By on February 3, 2015

PROPSFistbumpNational Park (at your) Service 

Jackson Hole, Wyoming – In celebration of their 100-year anniversary, National Park System officials are hoping to get a bump in funding from Washington. President Obama’s record-setting budget calls for $3 billion allocated to NPS in 2016 – a $433 million increase over the current annual budget.

Everyone wants to rein in spending, of course, but money spent on national parks is almost always a sound investment. Consider Yellowstone. According to YNP spokesperson Al Nash, America’s first national park operated with a $34 million budget last year. Every dollar spent brought back more than 10 in tourist spending in communities adjacent to Yellowstone – some $380 million. A recent economic impact study concluded 5,300 jobs are created locally to support tourism around Yellowstone.

And what does NPS do with the dough? Clean up after your trailer park ass. Spray paint vandalism was removed from the “Shane cabin” after it was discovered back in September. The dilapidated building once served as the homestead for Luther Taylor and was later featured in the 1953 movie Shane. The historic old cabin has survived all Mother Nature could throw at it for nearly a century. Taylor built it in 1923.




GRTE Luther Cabin, before, during and after clean up by the park employees. (Photo: National Park Service)

It only took one yahoo to disrespect Taylor’s legacy and cost taxpayers more money. A 92-year-old bunkhouse is nothing compared to Anasazi petroglyphs and the like, which are regularly defamed by punks with paint for no other reason than boredom. The image painted on the inside wall of the Shane cabin in the Gros Ventre was a “black and blue spray-painted depiction of a devilish creature wearing a crown,” according to NPS officials. Devilish, indeed.

PROPSFistbumpFour story and seven years ago 

What is the big deal about the dreaded fourth floor that makes it so taboo in Jackson? It has become symbolic of a line we will cross on our way toward selling our soul. Once four-story buildings go up, then come the homeless, haze and heroin – all signs we’ve lost that small town, Rocky Mountain Way.

A four-story building no more means urban blight than a four-lane highway or a four-star hotel. Aggregately it all spells a slow march toward sprawl, crime, and other big city problems but many a quaint small city has managed to get vertical in their downtown without bloating its byways.

Town as heart. If we buy in that means packing people into a vibrant, walkable core around Town Square. The Forest Service property is a perfect place to once again practice spot zoning. It certainly can no longer be classified as rural. If developer SR Mills wants to leapfrog Urban Residential for a denser zoning he should be granted a shot. Anything within walking distance of downtown should get zoning that allows for some height.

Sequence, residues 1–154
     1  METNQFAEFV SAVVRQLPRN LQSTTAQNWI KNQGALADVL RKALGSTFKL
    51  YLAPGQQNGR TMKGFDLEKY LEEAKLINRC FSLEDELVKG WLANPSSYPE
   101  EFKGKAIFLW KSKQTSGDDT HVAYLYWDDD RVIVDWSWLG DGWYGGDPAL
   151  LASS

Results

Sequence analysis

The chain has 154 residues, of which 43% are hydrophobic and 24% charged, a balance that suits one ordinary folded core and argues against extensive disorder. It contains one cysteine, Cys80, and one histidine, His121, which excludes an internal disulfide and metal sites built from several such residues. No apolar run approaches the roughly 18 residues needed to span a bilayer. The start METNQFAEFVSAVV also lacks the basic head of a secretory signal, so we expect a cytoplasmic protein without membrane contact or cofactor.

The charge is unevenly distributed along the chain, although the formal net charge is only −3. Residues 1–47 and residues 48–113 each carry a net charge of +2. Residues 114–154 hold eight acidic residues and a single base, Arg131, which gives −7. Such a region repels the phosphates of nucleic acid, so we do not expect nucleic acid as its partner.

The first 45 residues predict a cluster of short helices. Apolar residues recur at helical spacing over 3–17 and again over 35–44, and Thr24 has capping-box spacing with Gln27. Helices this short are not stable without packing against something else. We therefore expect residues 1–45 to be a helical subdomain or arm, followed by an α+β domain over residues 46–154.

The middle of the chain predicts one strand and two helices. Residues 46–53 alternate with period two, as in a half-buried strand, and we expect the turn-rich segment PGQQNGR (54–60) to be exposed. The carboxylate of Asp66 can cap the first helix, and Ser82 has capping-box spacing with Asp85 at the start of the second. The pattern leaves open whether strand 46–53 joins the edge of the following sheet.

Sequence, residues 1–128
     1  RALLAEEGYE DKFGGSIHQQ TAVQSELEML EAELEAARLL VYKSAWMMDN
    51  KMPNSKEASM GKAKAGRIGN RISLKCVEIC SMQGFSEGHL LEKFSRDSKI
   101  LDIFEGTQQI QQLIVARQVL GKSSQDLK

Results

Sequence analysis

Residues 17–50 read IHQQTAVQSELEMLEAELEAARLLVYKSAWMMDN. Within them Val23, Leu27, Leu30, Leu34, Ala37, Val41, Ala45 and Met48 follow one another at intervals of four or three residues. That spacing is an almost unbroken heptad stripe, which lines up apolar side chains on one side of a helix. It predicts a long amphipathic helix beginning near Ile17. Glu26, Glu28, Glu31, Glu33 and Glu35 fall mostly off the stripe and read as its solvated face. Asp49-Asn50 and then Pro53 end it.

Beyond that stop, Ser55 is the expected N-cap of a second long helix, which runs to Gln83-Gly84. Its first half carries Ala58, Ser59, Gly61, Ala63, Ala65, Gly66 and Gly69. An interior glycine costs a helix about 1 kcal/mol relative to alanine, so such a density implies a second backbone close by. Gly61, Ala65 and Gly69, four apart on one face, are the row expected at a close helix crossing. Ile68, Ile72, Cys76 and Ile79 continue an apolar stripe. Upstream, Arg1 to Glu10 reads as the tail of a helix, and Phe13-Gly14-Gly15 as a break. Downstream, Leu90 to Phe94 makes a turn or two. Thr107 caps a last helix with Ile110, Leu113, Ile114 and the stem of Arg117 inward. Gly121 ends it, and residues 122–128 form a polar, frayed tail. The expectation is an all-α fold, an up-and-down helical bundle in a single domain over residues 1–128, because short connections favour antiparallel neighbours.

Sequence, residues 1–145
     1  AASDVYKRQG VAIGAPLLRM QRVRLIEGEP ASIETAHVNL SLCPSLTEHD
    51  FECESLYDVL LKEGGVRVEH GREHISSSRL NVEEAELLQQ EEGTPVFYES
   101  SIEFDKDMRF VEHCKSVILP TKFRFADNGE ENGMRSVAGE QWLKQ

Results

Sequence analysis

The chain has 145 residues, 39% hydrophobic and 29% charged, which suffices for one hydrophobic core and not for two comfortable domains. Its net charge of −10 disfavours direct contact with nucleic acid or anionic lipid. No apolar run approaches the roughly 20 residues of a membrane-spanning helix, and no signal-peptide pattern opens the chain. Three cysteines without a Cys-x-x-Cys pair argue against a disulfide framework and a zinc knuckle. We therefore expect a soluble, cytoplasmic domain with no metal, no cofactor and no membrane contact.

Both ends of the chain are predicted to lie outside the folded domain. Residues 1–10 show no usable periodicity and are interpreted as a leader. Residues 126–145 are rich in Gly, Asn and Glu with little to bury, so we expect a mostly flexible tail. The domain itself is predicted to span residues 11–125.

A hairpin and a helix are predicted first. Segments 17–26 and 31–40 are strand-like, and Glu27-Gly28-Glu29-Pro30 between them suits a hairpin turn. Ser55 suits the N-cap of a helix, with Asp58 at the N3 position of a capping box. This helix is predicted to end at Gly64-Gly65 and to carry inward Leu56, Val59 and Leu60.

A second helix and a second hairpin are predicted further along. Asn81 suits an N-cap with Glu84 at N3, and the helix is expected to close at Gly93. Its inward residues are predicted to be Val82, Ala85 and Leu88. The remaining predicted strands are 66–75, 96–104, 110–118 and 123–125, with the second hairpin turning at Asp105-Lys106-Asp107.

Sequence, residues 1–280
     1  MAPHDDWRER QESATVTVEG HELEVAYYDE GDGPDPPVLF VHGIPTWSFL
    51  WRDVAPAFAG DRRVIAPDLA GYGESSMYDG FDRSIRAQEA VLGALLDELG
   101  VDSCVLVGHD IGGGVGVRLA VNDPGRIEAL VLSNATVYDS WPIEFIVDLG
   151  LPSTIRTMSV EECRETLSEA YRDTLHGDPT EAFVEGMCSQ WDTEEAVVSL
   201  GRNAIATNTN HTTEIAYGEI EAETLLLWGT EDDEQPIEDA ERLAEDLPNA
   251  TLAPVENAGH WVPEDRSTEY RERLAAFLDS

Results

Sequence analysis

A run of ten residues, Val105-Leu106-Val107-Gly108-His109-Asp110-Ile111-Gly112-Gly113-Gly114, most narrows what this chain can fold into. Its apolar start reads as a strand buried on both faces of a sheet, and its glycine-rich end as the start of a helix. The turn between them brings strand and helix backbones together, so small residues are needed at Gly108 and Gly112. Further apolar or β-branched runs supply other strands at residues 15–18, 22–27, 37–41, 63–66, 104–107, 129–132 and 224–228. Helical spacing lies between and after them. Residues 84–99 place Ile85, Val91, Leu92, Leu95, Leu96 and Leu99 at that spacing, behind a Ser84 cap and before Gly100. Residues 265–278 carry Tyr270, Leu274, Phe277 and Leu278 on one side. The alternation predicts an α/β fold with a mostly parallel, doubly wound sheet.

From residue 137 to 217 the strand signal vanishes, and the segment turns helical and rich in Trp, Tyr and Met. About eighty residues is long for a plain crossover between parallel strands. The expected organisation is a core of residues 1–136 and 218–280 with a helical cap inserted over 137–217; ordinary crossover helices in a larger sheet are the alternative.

The single-family homes surrounding denser, lower income housing sounds like a good model. Available housing is still a serious issue. Mills is one of those developers who will do right by the town. It beats an IMAX or a Target.

DISSTongueBuying Broadway 

The Town of Jackson’s consideration of wresting from state control the section of Highway 89 within city limits might be a good idea if only the town also gained management rights to the stretch of highway.

WyDOT has been painfully slow to react to the town’s efforts to make changes along Broadway. Redesign of the five-way was held up on state highway department approval. Proposed pathways and a restructure of the Highway 22 junction are also belabored by slow-moving state officials who own and manage right-of-ways to the extent that Larry Pardee’s crew aren’t even allowed to mow the weeds on the traffic island in front of Cutties.

Agreeing to plow and repatch the town’s main thoroughfare in exchange for some traffic data doesn’t appear to be a decent trade. Pressure on WyDOT director John Cox could just as easily be applied through state channels. The DOT may be difficult to work with at times but we shouldn’t have to be held hostage over traffic analysis.

The section of Highway 89 within city limits state and town are battling. (Photo: Google Maps)

The section of Highway 89 within city limits state and town are battling. (Photo: Google Maps)

And how important is this traffic data? Anecdotal evidence of the commuter crawl is available every Friday at 5:15 p.m. Deer death data can be gleaned 12 hours later at 5:15 a.m. when lifeless mulie carcasses are dragged from the bloodstained median.

It would be nice to be able to set speed limits and create wildlife crossings without permission from Big Brother but it probably isn’t worth the hassle and expense of actually owning the asphalt.

About Jake Nichols

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